How do you have fun at work?
Today’s article is all about creating some lightness in the workplace. Goodness knows that given the stress many of us have been dealing with, we need to counter this with some feel-goods.
One lovely workplace, I recently ran some training for, gave their staff a surprise during my presentation. Two of the senior managers, Kat Peters and Karen Mackin, had taken over catering for the day.
At lunchtime, Karen and Kat came out to announce lunch was ready. Here’s a picture of Kat and Karen together with myself and General Manager, Lyndell Turton.
Their efforts were very well-received, of course.
Apparently, dress-ups are not the only frivolous occurrences at Bluecare Sandgate. There are morning teas, ‘Birthday Bashes’ where birthdays and anniversaries over the past month are celebrated, a walking group, and events at the local bowling and golf clubs.
There is also spontaneous singing, a wellness campaign about who does the most exercise, and competitions about guessing the gender and weight of children and grandchildren about to be born.
I said to Karen and Kat that obviously, no work is getting done at their workplace. But they assured me this is not the case. They said, “Yes, there is frivolity at times, but straight afterwards people get back to the task at hand ... with renewed energy.”
When I complimented Karen and Kat on their efforts, they were somewhat surprised. “Don’t all workplaces plan some fun at times?” they asked.
It does seem a shame that many workplaces take things far too seriously. I think this is because people forget that human beings like to have some fun at work and some lightness can help to counterbalance the challenges. Remember that happy staff = engaged and energised staff.
Other examples I have seen to help people feel good about being at work are celebrating people’s wins and successes, often keeping this as an ongoing agenda item at team meetings.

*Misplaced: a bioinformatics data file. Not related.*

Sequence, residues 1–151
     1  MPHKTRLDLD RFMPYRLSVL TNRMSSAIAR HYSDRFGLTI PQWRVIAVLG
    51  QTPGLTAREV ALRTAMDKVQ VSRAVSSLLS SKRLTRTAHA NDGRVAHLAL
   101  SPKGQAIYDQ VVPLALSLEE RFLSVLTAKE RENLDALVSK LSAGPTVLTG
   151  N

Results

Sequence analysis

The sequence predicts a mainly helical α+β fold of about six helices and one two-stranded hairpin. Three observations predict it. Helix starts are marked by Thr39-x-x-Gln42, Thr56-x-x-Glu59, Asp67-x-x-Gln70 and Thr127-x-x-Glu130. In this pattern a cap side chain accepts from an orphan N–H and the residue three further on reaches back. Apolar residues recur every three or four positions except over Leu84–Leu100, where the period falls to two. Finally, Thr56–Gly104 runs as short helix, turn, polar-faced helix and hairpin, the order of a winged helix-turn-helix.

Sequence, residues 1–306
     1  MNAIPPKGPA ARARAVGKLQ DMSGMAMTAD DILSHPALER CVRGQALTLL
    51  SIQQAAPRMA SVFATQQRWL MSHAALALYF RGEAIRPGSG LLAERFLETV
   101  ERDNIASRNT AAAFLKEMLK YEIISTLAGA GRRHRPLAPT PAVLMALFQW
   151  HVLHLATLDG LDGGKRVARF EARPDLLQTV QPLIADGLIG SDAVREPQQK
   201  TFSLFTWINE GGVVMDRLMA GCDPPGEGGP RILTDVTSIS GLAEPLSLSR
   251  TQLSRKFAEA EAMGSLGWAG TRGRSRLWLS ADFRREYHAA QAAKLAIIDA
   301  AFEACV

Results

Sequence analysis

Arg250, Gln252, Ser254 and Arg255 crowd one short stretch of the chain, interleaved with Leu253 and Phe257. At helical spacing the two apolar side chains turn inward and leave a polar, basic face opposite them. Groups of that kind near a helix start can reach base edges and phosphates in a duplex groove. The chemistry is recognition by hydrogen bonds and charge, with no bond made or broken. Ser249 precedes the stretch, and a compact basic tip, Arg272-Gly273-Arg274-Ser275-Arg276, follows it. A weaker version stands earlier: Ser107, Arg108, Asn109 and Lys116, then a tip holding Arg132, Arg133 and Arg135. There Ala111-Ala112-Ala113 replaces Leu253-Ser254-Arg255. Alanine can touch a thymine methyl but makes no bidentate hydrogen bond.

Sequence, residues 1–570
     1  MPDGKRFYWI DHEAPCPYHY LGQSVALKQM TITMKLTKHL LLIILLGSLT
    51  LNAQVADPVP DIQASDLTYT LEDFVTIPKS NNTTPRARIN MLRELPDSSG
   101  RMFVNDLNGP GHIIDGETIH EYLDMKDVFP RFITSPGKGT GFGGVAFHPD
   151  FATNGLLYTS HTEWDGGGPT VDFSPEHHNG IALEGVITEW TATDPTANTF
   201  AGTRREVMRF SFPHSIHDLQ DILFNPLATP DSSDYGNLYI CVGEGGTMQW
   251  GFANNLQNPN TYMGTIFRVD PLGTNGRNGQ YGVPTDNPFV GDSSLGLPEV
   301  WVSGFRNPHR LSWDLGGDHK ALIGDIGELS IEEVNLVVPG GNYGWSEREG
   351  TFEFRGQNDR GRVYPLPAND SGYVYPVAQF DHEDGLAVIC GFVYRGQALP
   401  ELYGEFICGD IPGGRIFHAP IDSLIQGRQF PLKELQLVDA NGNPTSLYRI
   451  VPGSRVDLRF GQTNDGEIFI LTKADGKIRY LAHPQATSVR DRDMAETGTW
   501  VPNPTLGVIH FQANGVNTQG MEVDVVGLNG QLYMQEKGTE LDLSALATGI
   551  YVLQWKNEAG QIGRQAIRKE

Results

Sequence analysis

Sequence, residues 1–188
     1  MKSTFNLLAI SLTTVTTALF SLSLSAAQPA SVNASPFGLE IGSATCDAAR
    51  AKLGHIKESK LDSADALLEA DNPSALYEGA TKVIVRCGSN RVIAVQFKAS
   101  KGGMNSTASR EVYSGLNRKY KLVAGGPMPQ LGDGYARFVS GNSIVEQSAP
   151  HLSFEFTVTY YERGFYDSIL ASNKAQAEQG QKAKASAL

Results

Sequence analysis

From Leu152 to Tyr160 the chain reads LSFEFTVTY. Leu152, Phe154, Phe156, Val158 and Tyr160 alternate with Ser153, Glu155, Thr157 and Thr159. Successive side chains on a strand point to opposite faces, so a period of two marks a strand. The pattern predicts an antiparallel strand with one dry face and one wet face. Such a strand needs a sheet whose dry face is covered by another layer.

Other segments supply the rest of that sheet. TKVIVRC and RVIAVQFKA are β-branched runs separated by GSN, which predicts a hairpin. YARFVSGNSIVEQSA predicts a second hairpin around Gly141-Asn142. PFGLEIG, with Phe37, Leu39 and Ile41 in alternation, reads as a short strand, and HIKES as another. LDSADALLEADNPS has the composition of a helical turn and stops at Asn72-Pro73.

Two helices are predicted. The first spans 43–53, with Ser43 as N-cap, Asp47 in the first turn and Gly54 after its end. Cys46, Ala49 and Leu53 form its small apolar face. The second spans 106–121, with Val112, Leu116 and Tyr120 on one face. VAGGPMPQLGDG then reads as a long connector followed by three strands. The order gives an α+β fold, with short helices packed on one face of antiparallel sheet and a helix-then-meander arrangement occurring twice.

I also love it when I hear staff, particularly managers, telling stories at their own expense when they have said or done something dumb.
Then there is the black humour at the expense of your work or clients – one funeral parlour team I knew used to buy regular ‘Casket’ tickets together.
Then there are the practical jokes I have seen played on others. One example being a memo being place on the front of people’s computers saying they are now voice activated. To turn them on, the user must clearly say “Computer On!”
There are also the competitions for the best new buzz-word or acronym, ongoing board games in the staff room, funny awards, theme days, and ‘Biggest Loser’ weight loss competitions.
Of course, not all of the above examples will be suitable for your workplace. It might be hard to picture your team breaking into spontaneous singing, for example. The timing has to be right as well. It is no good planning a Crazy Hair Day, the same day some of your colleagues are retrenched. Perhaps a Grim Reaper Dress-up Day would be more appropriate.
And your humour needs to be appropriate for your workplace and monitored to see how people are responding. Goodness knows a number of my attempts have fallen flat over the years (I have a lot more where those ones came from).
Remember, if your humour, like mine, runs close to the line at times, you may have to check it first with others. My general rule is, ‘If in doubt, leave it out’. Though, occasionally, I forget this.
What might you do to inject more lightness and fun at work? And do you need to involve others to join you in this worthy mission? Certainly when the managers are on board and setting the example, it becomes easier for others to follow.